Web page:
Book Review

Hot Sonnets: An Anthology by Moira Egan and Clarinda Harriss, editors. Entasis Press, 2011. $14

Reviewed by Moira Richards

This book is delicious to dip into, and, with my red-wrapped chocolates, I saved the review to write on Valentine’s Day.

I’ve long been a fan of Edna St. Vincent Millay’s sonnets, which are of the hottest and of the coldest as the mood takes the diva, and I was happy to see a trio of her poems open the collection in fiery mood:

I too beneath your moon, almighty Sex,
Go forth at nightfall crying like a cat,

This poem is followed by another sonnet throughout which the narrator is bowled head over petticoats by a sexy companion, although here she manages to bring the poem and the encounter to a conclusion with some dignity:

            I shall remember you with love, or season
            My scorn with pity,—let me make it plain:
            I find this frenzy insufficient reason
            For conversation when we meet again.

I hadn’t known that ee cummings was a sonneteer and all three of his contributions play with grammar conventions to evoke, very effectively, heady abandon. Although he can’t resist stepping out the moment too…

            —and furiously puzzling through,prismatic,whims,
            the chattering self perceives with hysterical fright

            a comic tadpole wriggling in delicious mud.

HL Hix contributes two wonderfully energetic sonnets featuring the same pair of lovers. First,

            The man with the crooked dick shines his shoes.
            The woman with one arm takes off her brassiere.

and so on… These may seem flippant but the eroticism builds over the second poem which begins:

            The man with the crooked dick strikes a match.
            The woman with one arm breaks into flame.

and concludes:

            His favorite word is now. Her word is yes.
            Apart, each is only radiant stone,
            But one touch brings them to critical mass.
            He likes to burn things and she likes to burn.

David Rothman writes a kind sonnet that really warmed my heart, and might have been written for a widowed facebook pal. The title: "She Receives Flowers":

            Late in life you don’t expect romance.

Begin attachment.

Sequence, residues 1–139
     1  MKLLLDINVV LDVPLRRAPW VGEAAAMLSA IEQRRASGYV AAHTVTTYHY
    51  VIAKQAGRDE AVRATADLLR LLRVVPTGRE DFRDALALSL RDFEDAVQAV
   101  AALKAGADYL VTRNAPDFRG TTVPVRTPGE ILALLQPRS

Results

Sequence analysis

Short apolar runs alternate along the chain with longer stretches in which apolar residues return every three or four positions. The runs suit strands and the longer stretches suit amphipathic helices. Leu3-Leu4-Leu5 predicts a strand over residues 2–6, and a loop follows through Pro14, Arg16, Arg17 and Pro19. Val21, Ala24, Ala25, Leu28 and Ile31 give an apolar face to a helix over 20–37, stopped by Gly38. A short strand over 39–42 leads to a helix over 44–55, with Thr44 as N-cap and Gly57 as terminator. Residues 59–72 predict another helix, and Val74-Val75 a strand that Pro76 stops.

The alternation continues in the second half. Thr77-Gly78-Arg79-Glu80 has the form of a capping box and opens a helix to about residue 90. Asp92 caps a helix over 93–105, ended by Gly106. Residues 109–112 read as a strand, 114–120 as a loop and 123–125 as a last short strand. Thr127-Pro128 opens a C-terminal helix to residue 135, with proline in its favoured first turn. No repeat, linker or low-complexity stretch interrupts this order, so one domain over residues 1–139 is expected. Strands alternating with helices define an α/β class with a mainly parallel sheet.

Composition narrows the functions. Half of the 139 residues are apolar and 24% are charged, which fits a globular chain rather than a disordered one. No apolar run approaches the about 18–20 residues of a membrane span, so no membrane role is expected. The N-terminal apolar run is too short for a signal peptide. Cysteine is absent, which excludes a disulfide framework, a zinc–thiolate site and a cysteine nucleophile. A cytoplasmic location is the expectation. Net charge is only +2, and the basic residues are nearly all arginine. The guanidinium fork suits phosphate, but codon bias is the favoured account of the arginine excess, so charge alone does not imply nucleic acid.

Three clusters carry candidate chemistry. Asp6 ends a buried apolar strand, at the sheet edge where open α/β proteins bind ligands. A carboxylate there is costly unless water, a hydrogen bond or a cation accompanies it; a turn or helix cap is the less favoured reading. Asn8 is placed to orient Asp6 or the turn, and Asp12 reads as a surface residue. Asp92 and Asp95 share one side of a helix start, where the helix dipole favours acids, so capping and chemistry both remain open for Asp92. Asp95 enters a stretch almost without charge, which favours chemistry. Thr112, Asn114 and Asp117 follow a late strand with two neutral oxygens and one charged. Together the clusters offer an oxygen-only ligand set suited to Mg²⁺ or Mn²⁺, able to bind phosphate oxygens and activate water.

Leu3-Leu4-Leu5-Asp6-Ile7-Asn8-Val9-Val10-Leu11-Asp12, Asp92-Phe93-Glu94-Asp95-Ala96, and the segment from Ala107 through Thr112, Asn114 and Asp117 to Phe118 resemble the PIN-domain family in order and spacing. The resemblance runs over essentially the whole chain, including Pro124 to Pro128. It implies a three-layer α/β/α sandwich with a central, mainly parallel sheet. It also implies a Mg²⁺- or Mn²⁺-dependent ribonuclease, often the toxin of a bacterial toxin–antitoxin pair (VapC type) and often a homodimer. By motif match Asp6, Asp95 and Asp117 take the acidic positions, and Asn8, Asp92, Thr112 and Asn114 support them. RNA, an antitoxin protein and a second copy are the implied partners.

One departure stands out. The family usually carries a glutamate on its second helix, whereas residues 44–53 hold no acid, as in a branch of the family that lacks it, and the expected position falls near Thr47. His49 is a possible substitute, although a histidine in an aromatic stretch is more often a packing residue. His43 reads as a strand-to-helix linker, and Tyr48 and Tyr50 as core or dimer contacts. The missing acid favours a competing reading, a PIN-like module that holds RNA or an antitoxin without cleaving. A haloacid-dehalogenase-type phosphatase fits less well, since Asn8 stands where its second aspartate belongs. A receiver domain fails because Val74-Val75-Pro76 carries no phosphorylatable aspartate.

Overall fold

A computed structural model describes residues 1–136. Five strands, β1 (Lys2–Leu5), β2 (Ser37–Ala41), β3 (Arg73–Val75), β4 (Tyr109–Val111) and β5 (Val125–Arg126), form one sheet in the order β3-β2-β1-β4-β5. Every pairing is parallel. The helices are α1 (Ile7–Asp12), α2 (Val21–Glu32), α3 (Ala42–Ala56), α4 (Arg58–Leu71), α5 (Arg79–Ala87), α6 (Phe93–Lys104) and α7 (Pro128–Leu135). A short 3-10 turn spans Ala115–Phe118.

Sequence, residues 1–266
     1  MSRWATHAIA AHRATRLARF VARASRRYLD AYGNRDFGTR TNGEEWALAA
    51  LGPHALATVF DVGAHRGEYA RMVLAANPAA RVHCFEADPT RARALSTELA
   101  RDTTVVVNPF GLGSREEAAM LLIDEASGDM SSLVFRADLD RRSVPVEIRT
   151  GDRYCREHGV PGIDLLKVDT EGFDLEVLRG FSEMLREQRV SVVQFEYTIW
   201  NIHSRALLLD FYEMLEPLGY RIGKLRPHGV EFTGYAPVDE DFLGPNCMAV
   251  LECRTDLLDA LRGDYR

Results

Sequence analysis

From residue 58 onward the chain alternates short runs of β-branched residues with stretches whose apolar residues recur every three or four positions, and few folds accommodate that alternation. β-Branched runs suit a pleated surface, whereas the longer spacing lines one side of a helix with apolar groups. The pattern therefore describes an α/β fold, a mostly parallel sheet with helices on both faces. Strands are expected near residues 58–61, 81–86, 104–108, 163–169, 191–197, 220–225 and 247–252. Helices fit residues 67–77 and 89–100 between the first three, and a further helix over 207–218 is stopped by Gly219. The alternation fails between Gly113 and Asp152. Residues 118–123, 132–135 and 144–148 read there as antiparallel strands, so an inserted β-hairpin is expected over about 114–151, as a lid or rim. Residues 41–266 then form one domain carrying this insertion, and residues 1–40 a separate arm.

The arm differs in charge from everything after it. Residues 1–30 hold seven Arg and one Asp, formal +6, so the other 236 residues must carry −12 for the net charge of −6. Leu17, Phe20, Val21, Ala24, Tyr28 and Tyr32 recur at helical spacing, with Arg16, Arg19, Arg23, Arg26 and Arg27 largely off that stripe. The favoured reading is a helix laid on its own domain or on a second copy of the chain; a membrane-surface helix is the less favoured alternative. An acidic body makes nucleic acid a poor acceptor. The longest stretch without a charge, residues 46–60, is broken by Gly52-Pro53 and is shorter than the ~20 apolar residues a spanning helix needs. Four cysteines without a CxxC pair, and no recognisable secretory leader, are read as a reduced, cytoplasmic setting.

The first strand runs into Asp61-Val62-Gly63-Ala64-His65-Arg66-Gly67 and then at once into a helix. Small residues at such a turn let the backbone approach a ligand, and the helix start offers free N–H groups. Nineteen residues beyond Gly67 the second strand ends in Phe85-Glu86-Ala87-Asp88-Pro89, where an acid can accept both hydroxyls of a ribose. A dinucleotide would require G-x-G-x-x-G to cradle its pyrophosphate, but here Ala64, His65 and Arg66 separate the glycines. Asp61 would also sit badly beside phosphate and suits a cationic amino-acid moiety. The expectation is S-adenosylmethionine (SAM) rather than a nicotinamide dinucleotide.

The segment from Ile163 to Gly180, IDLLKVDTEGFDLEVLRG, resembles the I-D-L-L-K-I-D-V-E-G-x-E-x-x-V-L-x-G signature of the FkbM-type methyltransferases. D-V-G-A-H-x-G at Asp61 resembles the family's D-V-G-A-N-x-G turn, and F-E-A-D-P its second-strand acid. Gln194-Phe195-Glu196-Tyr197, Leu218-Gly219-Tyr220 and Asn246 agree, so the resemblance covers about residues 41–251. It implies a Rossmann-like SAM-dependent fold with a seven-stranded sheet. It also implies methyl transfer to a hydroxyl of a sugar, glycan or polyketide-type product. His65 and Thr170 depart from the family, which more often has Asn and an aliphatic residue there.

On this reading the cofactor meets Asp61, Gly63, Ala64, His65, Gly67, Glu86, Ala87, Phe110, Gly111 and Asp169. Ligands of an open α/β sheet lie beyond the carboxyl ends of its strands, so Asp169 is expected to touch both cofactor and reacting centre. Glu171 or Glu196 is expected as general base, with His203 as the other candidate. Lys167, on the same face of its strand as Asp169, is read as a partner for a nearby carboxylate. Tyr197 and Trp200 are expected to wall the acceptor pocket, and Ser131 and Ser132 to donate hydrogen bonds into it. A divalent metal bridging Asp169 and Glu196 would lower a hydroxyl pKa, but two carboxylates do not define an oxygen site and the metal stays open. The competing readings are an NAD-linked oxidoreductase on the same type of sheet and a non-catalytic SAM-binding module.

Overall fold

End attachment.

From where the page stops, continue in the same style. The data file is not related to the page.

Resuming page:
You don’t expect to be swept off your feet.
            You don’t expect to have another chance.
            You’ve learned to take the bitter with the sweet.

and the closing couplet:

            Sweet friend, this is your door. He sent you flowers.
            Surrender to this sight, this scent, these hours.

Julie Stoner uses the first three quatrains of her sonnet to write comic drafts of discarded ‘break-up’ letters to, in turn, Bluebeard (“Yes, this means I found your cache / of body parts. You promised me, you swore, / and still you’re hoarding pornographic trash!"), to Dr. Frankenstein ("I can’t compete / with patchworked fantasy. My flesh is real, / and therefore flawed."), and to Don Quixote ("Dammit, don’t pretend / I’m Dulcinea! Love me as I am / not as you wish I were!"). In the last couplet she gets it down just right.

            Dear John—This isn’t working. You know why.
            Go buy yourself a blow-up doll. Goodbye.           

Midge Goldberg’s temptress ups the ante on that old serpent, beginning with

            Apples? No good. If I were going to try
            and tempt you, it would be with pecan pie,
            sticky and sweet, or steak—filet mignon—
            or burnished Irish whiskey, burring on
            the tongue…

And Amy Lemmon’s "Invitation" to a colleague is irresistible in its understatedness:

            Loosen your tie, dear sir, admit instead
            the mouth I proffer soft along your nape.

and so on for another ten seductive lines until:

            Yes loosen, do, the armor. Let it fall.
            I’ll entertain your body’s carnival.

Moira Egan plays with first lines by Ms. Millay, Marilyn L. Taylor and Kathrine Varnes contribute sonnet crowns; almost sixty poets are represented, more than one hundred erotic sonnets. I read this review to a group of writer friends and many were clamouring for me to read more—the collection is definitely a keeper for many Valentine’s Days more.

Moira Richards lives in South Africa and hangs out here: and here: She, with Norman Darlington of Ireland, edits and publishes the annual Journal of Renga & Renku.